Peace Research Institute Oslo (PRIO)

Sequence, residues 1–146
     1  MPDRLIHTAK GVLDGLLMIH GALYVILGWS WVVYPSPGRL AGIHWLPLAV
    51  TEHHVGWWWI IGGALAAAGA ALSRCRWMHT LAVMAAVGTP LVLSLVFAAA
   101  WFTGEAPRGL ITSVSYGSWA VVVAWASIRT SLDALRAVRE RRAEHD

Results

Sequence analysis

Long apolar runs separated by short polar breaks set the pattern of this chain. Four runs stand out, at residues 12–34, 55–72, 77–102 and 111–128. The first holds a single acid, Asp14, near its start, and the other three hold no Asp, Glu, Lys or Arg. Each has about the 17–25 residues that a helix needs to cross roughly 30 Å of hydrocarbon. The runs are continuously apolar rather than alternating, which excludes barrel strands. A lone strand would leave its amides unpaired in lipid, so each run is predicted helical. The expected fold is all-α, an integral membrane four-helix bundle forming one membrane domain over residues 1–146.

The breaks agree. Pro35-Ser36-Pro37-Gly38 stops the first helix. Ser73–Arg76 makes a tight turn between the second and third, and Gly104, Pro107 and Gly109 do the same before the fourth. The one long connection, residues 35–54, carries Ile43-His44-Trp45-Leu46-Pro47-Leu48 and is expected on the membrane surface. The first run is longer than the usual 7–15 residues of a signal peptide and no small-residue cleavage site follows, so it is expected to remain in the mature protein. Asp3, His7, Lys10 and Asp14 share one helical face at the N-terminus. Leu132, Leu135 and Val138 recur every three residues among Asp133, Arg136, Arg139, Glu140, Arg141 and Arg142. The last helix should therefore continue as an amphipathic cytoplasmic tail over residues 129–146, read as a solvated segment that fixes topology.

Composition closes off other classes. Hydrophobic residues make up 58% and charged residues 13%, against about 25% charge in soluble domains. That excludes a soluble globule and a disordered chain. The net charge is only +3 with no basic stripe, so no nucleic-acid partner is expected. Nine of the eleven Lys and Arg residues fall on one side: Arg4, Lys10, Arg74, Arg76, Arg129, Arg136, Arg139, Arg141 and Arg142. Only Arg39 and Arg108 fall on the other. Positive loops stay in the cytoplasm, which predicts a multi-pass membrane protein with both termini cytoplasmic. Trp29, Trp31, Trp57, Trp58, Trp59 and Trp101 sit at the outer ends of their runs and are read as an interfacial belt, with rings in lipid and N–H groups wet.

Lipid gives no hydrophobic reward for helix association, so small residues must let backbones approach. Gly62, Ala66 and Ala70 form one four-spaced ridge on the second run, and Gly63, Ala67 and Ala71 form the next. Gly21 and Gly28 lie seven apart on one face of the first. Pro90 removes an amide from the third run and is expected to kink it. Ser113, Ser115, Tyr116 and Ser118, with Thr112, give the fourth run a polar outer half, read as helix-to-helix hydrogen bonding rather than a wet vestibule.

While the Cold War may have started in Europe it quickly became a global conflict, or to be more precise, many global conflicts. Lorenz M Lüthi has managed to compose a highly impressive work in which he highlights this multiplicity of conflicts within the overarching framework commonly known as Cold War in the singular. Lüthi structures his analysis through chapters which zoom in on Asia, The Middle East and Europe, but also a thorough three-chapter section presenting and analyzing the alternative political visions which challenged the dichotomous capitalist-communist divide. These visions include Asian-African Internationalism, the Non-Aligned Movement and Pan-Islamism. I was somewhat negatively surprised at the decision to not include Latin-America, but some limiting decisions obviously had to be made in order to make this book manageable. On the other hand, I was positively surprised at how Lüthi managed to write a full chapter, as well as integrate the point in other chapters, on the influence of the Vatican in the Cold War(s). This goes far beyond Pope John Paul II’s influence on the anti-Soviet movement in Poland. And while the Vatican was not the prime mover in the Cold War, far from it, Lüthi convincingly shows how the papacy had an outsized role in the conflicts. The combined overarching analysis, the in-depth foci and the truly impressive use of multiple sets of primary documents make this book a highly valued contribution to the field of global cold war studies. It will stand as a contender to Odd Arne Westad’s The Global Cold War for many lecturers making difficult decisions on what to include on a syllabus.